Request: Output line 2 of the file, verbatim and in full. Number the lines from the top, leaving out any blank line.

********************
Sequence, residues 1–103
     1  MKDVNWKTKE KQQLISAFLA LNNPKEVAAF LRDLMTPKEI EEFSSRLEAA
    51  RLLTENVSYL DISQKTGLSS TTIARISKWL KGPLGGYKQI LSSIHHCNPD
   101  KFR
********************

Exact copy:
     1  MKDVNWKTKE KQQLISAFLA LNNPKEVAAF LRDLMTPKEI EEFSSRLEAA